THE IMAGINARIUM OF DOCTOR PARNASSUS
** (out of 5)
January 8, 2010
Christopher Plummer as DOCTOR PARNASSUS
Lily Cole as VALENTINA
Andrew Garfield as ANTON
Verne Troyer as PERCY
Heath Ledger as TONY
Tom Waits as MR. NICK
Studio: Sony Pictures Classics
Directed by: Terry Gilliam
BY KEVIN CARR
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I pity Terry Gilliam. I also admire the hell out of him. But first and foremost, at this point in his career, I pity him.
The man is a true artist in every sense of the word. When he makes a movie, he makes it for himself, not for some studio preconstruction, and that is to be admire. But I pity him because it seems that his best days are behind him.
Gilliam has made his mark in Hollywood with a maverick film like “Brazil” as well as two studio pictures like “The Fisher King” and “12 Monkeys.” However, he has also been at the epicenter of colossal failures like “The Adventures of Baron Munchausen” and “The Brothers Grimm,” which have more in common with his latest film, “The Imaginarium of Doctor Parnassus.”
This bizarre fantasy film tells the story of the immortal Doctor Parnassus (Christopher Plummer), who once made a deal with the Devil (Tom Waits) for the soul of his daughter Valentina (Lily Cole). Parnassus runs a traveling exhibit in which he invites people inside to experience the wonders of their imagination. With the Devil coming to collect, Parnassus makes a new deal with him for his daughter, which involves a mysterious amnesiac named Tony (Heath Ledger) and his spotty past.
In many ways, “The Imaginarium of Doctor Parnassus” reminds me a lot of Peter Jackson’s “The Lovely Bones,” which is making its national debut around the same time. Both are highly anticipated film. Both are from visionary, respected directors. Both involves elements of in-the-mind fantasy worlds. And both fall flat on their stories, especially when they take place in the real world.
With the exception of some truly horrible line reads by Verne Troyer, the acting in “Doctor Parnassus” is pretty good. Plummer throws down, the sexy pixie-esque Lily Cole is alluring and sweet in the film and Tom Waits plays a unique and very creepy version of the Devil. Of course, most people’s eyes are on the late Heath Ledger for his part in this film, during which he dies. Gilliam and company do a fine job weaving his character back into the story with alternate versions of Tony played by Jude Law, Johnny Depp and Colin Farrell.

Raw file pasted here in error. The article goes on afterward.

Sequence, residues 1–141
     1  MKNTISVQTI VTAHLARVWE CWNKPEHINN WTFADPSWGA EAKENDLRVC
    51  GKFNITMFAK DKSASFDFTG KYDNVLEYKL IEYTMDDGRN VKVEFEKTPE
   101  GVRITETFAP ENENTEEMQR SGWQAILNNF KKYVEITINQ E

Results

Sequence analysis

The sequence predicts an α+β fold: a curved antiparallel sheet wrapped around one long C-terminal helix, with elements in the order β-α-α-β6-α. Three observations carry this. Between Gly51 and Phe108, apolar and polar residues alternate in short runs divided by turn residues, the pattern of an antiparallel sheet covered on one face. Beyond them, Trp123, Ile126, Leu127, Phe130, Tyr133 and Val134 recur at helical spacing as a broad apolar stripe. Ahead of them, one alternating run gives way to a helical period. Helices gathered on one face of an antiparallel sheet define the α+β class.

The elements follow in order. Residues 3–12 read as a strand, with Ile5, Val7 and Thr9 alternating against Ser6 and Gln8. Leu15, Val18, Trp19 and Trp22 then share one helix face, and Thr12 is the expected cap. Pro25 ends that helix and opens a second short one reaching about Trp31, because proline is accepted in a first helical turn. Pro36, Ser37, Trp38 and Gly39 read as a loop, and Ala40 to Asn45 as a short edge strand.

However, the acting prowess of the stars can’t save the murky, meandering plot. For as visionary as the concept is, and as exciting as the title reads, most of the story is incredible humdrum. Gilliam takes too long to get to the point with what the Devil wants with Valentina, and the majority of the film plays out like the behind-the-scenes of a traveling sideshow rather than dealing with the fantastic abilities of the characters.
The second half is better, with the characters diving fully into the Imaginarium, but this doesn’t make up for the baggage in the first half. Even in this more visually inspired third act, the motivations of the characters seem forced and random.
The use of Law, Depp and Farrell is inspired, but these actors do nothing more than play a different version of themselves. Depp is still an iteration of Captain Jack Sparrow, and Farrell comes across as trying to channel Brad Pitt rather than Heath Ledger.
For the die-hard fan of Terry Gilliam’s work – particularly his lesser films – and anyone dying to see Ledger’s last performance committed to film, this movie is worth it. But otherwise, it is another sad miss in Terry Gilliam’s shooting gallery.